More than 300 emails from Hillary Clinton’s private server are to be reviewed to see if they contain classified information.
The US state department identified the emails as it carries out its check on whether they can be released publicly.
Mrs Clinton’s use of private email while secretary of state for four years has sparked a barrage of criticism.
The Democratic 2016 frontrunner says her private email contained nothing that was classified at the time.
Critics say that her set-up was unsecure, against government rules and designed to shield her communications from oversight.
Last December, she handed over about 30,000 emails she sent and received while in office.
A team of officials has been checking the emails since a federal judge ordered they be released to the public on a rolling basis over the next five months.
In court papers filed with a US District court judge in Washington on Monday, the State Department updated its progress.
One of its officials told the court that 305 of her emails are being recommended for review by intelligence agencies.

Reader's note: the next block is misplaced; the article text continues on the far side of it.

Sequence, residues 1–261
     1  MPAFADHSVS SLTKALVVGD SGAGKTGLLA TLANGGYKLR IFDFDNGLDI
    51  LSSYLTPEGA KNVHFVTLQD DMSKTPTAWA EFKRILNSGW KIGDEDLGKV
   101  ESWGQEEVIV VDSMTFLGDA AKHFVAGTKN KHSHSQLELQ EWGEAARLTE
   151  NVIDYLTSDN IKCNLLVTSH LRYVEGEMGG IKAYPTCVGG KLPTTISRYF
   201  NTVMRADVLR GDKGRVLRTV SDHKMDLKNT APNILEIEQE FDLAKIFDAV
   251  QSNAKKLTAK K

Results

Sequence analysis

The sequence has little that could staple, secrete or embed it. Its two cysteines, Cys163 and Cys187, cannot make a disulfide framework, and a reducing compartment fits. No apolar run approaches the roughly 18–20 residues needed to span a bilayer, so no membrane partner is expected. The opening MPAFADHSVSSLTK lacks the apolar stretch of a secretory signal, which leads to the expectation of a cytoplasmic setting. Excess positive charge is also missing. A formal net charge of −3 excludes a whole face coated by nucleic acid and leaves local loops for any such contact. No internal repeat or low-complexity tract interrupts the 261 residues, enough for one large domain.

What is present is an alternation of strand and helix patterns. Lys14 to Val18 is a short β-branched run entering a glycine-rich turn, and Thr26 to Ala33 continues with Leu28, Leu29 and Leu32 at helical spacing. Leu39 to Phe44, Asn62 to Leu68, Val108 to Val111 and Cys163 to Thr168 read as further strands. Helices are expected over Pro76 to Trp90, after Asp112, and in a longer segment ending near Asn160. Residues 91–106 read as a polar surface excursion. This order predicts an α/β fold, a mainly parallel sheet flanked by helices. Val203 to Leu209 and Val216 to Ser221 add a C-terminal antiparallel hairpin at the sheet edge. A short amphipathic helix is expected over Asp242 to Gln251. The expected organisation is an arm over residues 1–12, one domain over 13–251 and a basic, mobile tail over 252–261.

State Department spokesman John Kirby told reporters later that day the review of more emails was “healthy”.
“It doesn’t mean that all 300 are going to end up at some level of (classification upgrade). I suspect some will and I suspect some won’t,” he said.
The FBI is investigating whether classified information was improperly sent via the server and stored there.
Under US federal law, officials’ correspondence is considered to be US government property.
Why did she do it?
Mrs Clinton says the primary reason she set up her own email was for “convenience” but sceptics say the real reason she did it was because it gave her total control over her correspondence.
How many emails?
According to Mrs Clinton, she sent or received 62,320 emails during her time as secretary of state – she says half of them were official and have been turned over to the State Department.
Was it illegal?
Probably not. Mrs Clinton’s email system existed in a grey area of the law – and one that has been changed several times since she left office.
Why the controversy?
It’s a big deal because Mrs Clinton is asking the US public to trust that she is complying with both the “letter and the spirit of the rules”. Critics on the left and the right are concerned she made her communications on sensitive national security issues more susceptible to hackers and foreign intelligence services.